Banks are taking a closer look at anti-money laundering programs after the financial crimes unit of the Treasury Department issued new guidance on anti-money laundering earlier this month. The move to meet government expectations for AML culture and compliance comes as pending regulations trigger a shift from a flexible, risk-based approach to customer due diligence to a more prescriptive one that comes with hard-and-fast rules and thresholds. More inside.
The drive to converge U.S. and international accounting standards is sputtering out, and accounting for leases may be the first place in the financial statements where different reporting starts to return. “We’re going to have a grand experiment to see which model wins market acceptance,” says John Hepp of Grant Thornton. “That may not be a bad thing.” More on the consequences of the standards split is inside.
Since 2000 the Justice Department and SEC have entered into 290 publicly disclosed DPAs or NPAs, according to a recent analysis from law firm Gibson Dunn. The start of 2014 alone saw monetary penalties of nearly $3.6 billion, arising from 12 settlements. Inside, we’ve parsed out common conclusions from all those DPAs and NPAs, to find the core principles regulators want to see in compliance programs today.
The recent experience of Demoulas Super Markets, owner of the Market Basket chain of grocery stores which operates 71 stores in New England, is a case of corporate governance gone haywire. When the board fired CEO Arthur T. Demoulas, who is generally adored at the company, employees and customers protested outside stores and several senior managers resigned. Market Basket offers several lessons in corporate governance, including anticipating the consequences of boardroom actions and communicating with stakeholders. More inside.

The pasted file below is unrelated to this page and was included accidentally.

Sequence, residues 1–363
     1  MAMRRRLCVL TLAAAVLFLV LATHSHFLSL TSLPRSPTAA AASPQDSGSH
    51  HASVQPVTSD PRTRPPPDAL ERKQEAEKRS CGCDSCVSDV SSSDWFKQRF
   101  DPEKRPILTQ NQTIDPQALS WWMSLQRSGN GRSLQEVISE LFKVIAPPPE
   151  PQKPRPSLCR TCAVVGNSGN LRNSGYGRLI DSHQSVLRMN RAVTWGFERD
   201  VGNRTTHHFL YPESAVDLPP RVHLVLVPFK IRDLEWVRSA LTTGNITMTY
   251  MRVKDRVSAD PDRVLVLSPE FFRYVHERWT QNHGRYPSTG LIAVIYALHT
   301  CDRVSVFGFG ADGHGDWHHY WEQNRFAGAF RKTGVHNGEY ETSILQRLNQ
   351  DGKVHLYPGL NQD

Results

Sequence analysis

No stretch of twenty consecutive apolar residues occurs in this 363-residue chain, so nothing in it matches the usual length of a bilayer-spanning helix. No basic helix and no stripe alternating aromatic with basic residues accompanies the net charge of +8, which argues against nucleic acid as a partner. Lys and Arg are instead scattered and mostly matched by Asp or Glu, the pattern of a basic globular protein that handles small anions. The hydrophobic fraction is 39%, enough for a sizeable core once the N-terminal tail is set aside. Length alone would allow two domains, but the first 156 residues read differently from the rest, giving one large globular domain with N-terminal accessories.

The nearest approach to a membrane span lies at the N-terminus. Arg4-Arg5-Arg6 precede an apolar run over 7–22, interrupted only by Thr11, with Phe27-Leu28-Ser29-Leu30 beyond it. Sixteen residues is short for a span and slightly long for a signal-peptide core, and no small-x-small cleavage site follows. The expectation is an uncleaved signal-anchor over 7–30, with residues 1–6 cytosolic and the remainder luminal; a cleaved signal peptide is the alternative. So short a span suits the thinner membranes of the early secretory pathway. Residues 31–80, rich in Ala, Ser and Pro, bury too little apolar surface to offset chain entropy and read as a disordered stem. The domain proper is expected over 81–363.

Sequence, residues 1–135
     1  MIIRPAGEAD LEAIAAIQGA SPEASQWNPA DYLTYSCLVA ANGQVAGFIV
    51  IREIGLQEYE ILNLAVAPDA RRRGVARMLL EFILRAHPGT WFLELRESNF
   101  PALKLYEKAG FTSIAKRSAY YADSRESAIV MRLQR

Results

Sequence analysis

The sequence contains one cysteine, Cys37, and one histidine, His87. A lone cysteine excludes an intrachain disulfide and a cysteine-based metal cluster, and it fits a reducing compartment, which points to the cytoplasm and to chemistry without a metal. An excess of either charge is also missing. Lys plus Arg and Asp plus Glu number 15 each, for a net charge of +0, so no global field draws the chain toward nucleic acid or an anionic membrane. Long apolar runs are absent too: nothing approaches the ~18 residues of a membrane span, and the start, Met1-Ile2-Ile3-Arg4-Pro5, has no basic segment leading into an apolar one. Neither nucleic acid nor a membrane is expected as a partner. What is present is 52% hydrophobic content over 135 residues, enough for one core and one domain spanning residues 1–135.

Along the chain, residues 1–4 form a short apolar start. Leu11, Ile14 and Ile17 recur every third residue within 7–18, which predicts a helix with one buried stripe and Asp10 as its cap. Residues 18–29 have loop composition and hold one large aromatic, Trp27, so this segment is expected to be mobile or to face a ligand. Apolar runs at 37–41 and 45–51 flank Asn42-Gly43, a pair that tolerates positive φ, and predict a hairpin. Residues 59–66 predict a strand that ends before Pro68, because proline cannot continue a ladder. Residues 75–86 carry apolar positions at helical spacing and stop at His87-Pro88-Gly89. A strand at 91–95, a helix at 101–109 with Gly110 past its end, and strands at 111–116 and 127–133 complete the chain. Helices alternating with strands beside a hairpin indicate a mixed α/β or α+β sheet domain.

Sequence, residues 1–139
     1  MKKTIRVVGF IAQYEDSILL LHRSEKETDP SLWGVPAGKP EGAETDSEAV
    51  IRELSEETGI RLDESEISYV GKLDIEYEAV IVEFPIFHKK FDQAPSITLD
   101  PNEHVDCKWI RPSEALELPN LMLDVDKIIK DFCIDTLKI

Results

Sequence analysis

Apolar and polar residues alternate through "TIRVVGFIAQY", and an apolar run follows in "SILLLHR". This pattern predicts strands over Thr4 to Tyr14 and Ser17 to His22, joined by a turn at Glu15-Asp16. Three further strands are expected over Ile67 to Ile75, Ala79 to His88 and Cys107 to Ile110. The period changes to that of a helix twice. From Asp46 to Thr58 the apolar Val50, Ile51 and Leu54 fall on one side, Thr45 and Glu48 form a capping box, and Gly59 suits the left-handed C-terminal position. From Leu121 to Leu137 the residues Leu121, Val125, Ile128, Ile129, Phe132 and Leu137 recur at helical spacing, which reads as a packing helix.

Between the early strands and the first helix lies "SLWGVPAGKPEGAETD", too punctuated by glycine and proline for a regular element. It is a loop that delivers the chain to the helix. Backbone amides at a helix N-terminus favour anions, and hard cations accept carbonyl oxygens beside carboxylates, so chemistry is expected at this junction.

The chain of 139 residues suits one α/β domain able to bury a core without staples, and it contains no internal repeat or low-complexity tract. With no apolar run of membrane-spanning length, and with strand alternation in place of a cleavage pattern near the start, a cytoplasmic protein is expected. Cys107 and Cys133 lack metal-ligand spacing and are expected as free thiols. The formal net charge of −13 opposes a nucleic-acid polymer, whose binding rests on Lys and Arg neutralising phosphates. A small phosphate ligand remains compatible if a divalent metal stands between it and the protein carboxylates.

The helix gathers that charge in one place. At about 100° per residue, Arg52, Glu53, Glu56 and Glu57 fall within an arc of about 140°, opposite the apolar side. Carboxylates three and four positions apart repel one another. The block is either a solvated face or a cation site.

Suddenly, anti-money laundering compliance is the new black. Financial regulators want to create a “culture of compliance for AML” in the banking sector; anti-corruption groups are talking about AML as a vehicle to fight crimes such as human trafficking. Great idea, Compliance Week Editor Matt Kelly writes this week, but turning AML compliance into a versatile anti-corruption tool is not so simple. More inside.
The healthcare world is calling for a new government database tracking payments to doctors to be delayed, because of sloppy Website management and frustrated doctors not verifying the data companies have been filing. The site, required by the Sunshine Act, is supposed to launch next month. “We don’t want this release of the data to be so maligned in the public eye that physicians are hesitant to participate in research,” says John Murphy, a pharmaceutical industry spokesman.
As the Securities and Exchange Commission’s Office of the Whistleblower enters its third year in operation, uncertainty about the ability to protect whistleblowers is rising. Some recent cases have revealed limits to the SEC’s ability to protect their identities, and a series of legal cases have called into question the circumstances where whistleblowers can claim protection from retaliation. Inside, columnist Bruce Carton explores these questions and their effect on the SEC’s whistleblower program.
When the Delaware Supreme Court upheld a ruling in July that Walmart must provide more documents about its investigation into violations of the Foreign Corrupt Practices Act to shareholders, FCPA experts argued about the lasting effects of the decision. Could it lead to new requirements for boards to carry out their duty to oversee a company’s legal compliance efforts? Inside, columnist Thomas Fox considers the fallout from the decision and what it means for compliance.